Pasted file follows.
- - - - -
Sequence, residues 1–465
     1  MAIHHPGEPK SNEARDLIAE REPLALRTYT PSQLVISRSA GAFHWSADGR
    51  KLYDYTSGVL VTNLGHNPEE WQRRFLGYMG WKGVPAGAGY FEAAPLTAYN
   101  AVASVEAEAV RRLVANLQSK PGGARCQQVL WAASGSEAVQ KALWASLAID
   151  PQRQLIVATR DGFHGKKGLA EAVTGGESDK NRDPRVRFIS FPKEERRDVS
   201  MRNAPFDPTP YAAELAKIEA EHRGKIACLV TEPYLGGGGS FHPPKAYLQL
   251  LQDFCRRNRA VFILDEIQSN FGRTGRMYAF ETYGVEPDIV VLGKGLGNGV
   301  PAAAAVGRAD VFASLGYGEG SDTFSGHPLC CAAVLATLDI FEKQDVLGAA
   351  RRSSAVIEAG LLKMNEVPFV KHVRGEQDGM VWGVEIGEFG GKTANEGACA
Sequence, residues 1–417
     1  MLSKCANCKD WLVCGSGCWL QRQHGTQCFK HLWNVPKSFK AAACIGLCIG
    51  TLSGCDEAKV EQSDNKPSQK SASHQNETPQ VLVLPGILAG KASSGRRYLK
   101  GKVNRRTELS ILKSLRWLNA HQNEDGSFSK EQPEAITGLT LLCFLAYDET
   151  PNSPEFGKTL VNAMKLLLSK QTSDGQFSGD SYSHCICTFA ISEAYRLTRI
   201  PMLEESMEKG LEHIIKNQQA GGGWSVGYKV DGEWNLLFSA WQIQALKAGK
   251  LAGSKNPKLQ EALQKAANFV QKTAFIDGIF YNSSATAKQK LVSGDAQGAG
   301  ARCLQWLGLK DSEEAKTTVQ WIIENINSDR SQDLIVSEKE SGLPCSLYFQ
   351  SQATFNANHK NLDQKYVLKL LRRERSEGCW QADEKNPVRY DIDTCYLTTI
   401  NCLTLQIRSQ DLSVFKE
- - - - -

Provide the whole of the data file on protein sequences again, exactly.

Sequence, residues 1–465
     1  MAIHHPGEPK SNEARDLIAE REPLALRTYT PSQLVISRSA GAFHWSADGR
    51  KLYDYTSGVL VTNLGHNPEE WQRRFLGYMG WKGVPAGAGY FEAAPLTAYN
   101  AVASVEAEAV RRLVANLQSK PGGARCQQVL WAASGSEAVQ KALWASLAID
   151  PQRQLIVATR DGFHGKKGLA EAVTGGESDK NRDPRVRFIS FPKEERRDVS
   201  MRNAPFDPTP YAAELAKIEA EHRGKIACLV TEPYLGGGGS FHPPKAYLQL
   251  LQDFCRRNRA VFILDEIQSN FGRTGRMYAF ETYGVEPDIV VLGKGLGNGV
   301  PAAAAVGRAD VFASLGYGEG SDTFSGHPLC CAAVLATLDI FEKQDVLGAA
   351  RRSSAVIEAG LLKMNEVPFV KHVRGEQDGM VWGVEIGEFG GKTANEGACA
Sequence, residues 1–417
     1  MLSKCANCKD WLVCGSGCWL QRQHGTQCFK HLWNVPKSFK AAACIGLCIG
    51  TLSGCDEAKV EQSDNKPSQK SASHQNETPQ VLVLPGILAG KASSGRRYLK
   101  GKVNRRTELS ILKSLRWLNA HQNEDGSFSK EQPEAITGLT LLCFLAYDET
   151  PNSPEFGKTL VNAMKLLLSK QTSDGQFSGD SYSHCICTFA ISEAYRLTRI
   201  PMLEESMEKG LEHIIKNQQA GGGWSVGYKV DGEWNLLFSA WQIQALKAGK
   251  LAGSKNPKLQ EALQKAANFV QKTAFIDGIF YNSSATAKQK LVSGDAQGAG
   301  ARCLQWLGLK DSEEAKTTVQ WIIENINSDR SQDLIVSEKE SGLPCSLYFQ
   351  SQATFNANHK NLDQKYVLKL LRRERSEGCW QADEKNPVRY DIDTCYLTTI
   401  NCLTLQIRSQ DLSVFKE